Flying Boat // stephen connolly / layla curtis

Geohumanities Creative Commission 2019-2020

Progress Post: May 2020

Flying is a rarified experience, and a privileged mode of movement: less than 20% of global humanity have ever set foot in an aircraft.[1] Coincidently, air travel is often framed as a release from gravity and a freedom to roam the globe. The infrastructure of aviation is invested in material practices; airports are amongst the largest built environment installations, yet also used by millions of people, every day. Film can convey embodied encounters with space and materiality.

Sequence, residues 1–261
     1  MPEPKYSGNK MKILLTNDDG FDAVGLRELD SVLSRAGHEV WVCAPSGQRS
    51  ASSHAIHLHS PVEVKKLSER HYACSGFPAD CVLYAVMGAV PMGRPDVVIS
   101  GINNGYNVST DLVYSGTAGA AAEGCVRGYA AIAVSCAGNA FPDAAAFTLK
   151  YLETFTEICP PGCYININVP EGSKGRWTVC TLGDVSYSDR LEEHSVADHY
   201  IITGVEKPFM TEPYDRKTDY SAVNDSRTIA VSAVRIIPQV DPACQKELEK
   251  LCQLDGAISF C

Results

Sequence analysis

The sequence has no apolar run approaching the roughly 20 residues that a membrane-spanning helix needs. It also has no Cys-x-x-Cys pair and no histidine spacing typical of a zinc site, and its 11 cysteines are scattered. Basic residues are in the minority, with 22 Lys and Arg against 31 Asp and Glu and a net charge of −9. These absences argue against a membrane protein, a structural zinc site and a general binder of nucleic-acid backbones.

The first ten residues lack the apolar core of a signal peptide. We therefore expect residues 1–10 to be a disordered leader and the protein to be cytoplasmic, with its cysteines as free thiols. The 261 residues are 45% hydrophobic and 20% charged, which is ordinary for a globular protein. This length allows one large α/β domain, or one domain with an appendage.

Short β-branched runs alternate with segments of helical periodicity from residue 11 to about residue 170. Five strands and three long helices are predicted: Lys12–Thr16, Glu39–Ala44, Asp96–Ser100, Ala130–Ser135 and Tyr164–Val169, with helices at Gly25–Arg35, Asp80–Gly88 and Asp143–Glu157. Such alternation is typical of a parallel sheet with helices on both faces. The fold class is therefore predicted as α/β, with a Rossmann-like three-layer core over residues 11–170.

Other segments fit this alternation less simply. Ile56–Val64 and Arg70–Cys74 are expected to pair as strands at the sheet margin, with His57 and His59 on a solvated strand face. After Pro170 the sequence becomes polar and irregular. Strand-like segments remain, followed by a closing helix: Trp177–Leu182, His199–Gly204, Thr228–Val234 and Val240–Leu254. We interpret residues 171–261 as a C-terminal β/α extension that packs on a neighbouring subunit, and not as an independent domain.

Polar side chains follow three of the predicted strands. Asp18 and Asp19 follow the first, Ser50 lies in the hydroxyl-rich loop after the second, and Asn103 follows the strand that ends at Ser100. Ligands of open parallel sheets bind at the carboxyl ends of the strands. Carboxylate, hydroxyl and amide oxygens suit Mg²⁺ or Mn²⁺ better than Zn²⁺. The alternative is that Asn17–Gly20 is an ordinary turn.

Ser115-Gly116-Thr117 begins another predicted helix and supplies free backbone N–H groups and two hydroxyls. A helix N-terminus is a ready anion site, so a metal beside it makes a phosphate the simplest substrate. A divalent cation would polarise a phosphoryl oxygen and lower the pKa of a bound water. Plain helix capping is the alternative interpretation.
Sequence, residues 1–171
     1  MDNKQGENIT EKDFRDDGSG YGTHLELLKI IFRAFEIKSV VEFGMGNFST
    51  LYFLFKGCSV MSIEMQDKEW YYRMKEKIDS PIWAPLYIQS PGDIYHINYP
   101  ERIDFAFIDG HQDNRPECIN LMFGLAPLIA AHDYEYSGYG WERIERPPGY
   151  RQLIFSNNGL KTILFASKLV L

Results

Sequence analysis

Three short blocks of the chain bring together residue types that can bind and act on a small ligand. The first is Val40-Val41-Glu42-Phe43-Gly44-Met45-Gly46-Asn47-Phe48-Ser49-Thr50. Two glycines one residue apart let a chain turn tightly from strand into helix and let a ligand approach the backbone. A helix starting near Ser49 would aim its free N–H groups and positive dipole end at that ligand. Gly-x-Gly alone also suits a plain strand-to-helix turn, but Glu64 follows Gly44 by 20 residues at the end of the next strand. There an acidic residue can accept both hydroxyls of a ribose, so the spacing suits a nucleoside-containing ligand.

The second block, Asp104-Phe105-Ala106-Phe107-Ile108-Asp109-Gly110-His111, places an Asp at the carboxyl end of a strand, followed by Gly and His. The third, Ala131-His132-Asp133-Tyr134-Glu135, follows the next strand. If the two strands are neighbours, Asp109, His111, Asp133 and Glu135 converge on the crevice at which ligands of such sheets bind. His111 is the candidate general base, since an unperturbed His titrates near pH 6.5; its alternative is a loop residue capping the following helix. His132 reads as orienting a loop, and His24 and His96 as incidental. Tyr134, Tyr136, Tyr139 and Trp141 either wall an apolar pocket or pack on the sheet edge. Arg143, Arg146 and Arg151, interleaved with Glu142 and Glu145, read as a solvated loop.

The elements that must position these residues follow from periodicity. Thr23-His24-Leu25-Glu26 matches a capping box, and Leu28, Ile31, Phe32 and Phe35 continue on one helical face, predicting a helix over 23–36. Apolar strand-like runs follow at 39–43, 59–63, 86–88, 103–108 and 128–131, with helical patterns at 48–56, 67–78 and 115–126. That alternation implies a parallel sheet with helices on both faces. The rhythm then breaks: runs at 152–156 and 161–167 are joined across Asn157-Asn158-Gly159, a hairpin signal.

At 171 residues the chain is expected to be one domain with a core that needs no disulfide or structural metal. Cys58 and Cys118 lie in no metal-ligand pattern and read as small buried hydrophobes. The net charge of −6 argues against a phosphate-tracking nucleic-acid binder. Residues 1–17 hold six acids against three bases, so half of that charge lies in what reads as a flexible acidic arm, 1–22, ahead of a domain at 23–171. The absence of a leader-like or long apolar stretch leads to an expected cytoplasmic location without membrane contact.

The video Chek Lap Kok (Hong Kong Airport) 21.00 01.12.19 documents a walk to the terminal from the Expo centre on the airport island, by means of slow travel, under makeshift conditions, and without carbon expenditure. It’s a harbinger of lean and informal travel arrangements which may be a feature of time to come. This short piece is a leitmotif for the Flying Boat, and offers a hint of unfolding global events that impacted its direction.

[1] As late as 2017, the Boeing CEO claimed meeting this gap as a business strategy
[2] For latent materialities see Bennett, J. (2010). Vibrant Matter: A Political Ecology of Things.